Number Six (Patrick McGoohan) wakes up and finds the Village completely deserted and the water and electricity cut off. Planning to escape, he takes photos of the place, builds a raft, and is on the sea for 25 days. He takes notes as to times and compass headings, but is attacked by gunrunners, who steal his belongings and throw him overboard. He manages to climb back aboard the boat and take control of it but is overwhelmed and ends up on a deserted beach. He meets a small band of Romani who do not understand English.
He avoids a police manhunt and hides on a truck that takes him to London. His old townhouse is occupied by a Mrs. Butterworth (Georgina Cookson) and she is driving his Lotus. She is friendly and sympathetic to his plight, feeds and clothes him. When he mentions that the next day is his birthday (19 March, McGoohan’s real birthday). She offers to bake him a cake. He goes to see his old boss (George Markstein), who is sceptical of his story despite the photographs and other evidence. The Colonel (Donald Sinden) and Thorpe (Patrick Cargill) suspect he had actually defected and is now a double agent but are willing to be convinced.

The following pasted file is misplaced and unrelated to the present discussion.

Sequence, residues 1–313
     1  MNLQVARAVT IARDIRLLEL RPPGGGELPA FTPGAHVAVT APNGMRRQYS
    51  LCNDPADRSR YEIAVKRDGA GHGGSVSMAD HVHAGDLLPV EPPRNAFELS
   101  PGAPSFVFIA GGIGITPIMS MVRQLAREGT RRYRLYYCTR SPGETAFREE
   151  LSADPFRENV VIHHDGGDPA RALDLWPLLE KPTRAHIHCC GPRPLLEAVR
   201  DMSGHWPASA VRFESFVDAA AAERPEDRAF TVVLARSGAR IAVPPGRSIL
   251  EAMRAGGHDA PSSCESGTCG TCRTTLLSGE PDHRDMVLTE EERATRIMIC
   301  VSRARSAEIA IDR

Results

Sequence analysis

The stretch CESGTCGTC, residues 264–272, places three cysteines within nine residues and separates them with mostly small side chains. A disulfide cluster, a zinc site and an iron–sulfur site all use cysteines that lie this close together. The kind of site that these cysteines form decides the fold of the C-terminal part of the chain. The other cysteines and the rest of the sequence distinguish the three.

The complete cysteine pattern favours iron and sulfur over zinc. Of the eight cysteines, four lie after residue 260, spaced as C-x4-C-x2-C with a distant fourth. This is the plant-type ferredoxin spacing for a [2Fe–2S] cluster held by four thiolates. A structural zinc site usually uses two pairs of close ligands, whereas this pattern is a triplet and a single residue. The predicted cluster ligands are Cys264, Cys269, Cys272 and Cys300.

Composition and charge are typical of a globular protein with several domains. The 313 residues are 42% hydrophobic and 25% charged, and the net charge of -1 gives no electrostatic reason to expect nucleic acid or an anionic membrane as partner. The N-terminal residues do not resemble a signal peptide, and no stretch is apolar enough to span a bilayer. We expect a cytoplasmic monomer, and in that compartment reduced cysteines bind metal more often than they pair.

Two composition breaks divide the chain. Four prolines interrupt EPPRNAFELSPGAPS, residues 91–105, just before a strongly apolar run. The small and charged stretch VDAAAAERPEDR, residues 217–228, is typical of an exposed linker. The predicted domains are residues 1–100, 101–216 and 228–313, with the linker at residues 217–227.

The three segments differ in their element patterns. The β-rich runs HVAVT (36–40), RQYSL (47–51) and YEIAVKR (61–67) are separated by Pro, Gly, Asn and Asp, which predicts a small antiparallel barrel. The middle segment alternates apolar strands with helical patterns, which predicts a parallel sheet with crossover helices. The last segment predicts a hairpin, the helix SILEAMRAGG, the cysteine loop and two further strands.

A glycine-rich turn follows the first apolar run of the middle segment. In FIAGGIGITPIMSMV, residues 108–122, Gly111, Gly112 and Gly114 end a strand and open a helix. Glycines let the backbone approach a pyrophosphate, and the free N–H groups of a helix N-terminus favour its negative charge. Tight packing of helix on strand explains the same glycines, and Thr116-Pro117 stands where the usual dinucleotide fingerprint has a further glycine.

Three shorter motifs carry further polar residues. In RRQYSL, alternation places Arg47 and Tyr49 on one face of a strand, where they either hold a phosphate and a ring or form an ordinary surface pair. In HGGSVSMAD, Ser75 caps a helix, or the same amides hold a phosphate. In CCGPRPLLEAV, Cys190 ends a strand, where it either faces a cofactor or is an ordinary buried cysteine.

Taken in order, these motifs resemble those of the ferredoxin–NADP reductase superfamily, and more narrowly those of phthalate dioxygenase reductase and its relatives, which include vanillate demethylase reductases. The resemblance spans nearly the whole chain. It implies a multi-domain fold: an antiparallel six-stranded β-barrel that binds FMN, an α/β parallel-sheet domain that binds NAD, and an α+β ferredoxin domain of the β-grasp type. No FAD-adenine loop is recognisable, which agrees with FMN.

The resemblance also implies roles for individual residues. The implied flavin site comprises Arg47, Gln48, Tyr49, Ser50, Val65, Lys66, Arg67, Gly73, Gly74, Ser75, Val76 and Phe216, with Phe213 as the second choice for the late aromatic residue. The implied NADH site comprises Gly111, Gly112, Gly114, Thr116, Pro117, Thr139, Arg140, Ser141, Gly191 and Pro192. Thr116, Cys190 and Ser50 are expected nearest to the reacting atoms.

Aided by military officers (Brian Worth and Richard Caldicot) and a map, he determines that the Village is on the coast of Morocco, southwest of Portugal and Spain, possibly on an island. He guides a jet fighter pilot to the area and sees the Village from the air, but the pilot ejects him from the plane. He parachutes in and is met in his cottage by the new Number Two, who is Mrs. Butterworth. She offers him many happy returns and a cake.
The episode was written by Anthony Skene and directed by Patrick McGoohan under the name of Joseph Serf. It was the last episode that co-creator and script editor George Markstein had a hand in, as creative differences between him and McGoohan had arisen. The entire first act is without dialogue except for a few words in German, and even Number Six says nothing for a good twenty minutes. Some of the footage is from McGoohan’s previous series Danger Man. When Mrs. Butterworth asks his name, he says Peter Smith, though after a suspicious hesitation. The Lotus Seven automobile was available in the U.K. as a kit for less than full price, but it did not come with instructions. Number Six, of course, built his own.
The raft turned out to be rather a dangerous prop. They had to tow it far out to sea so that no land would be visible and a bit of a storm blew up. The raft was dragging down the towing boat and it was becoming swamped with water. Then they discovered that somebody had forgotten the lifejackets. Eventually, they had to cut the raft loose and then phone the Naval authorities to report that they had left a heavy object adrift in the shipping lanes where it might well sink any fair-sized boat running into it. An expensive operation was performed to find it, but no one ever did and it was never seen again.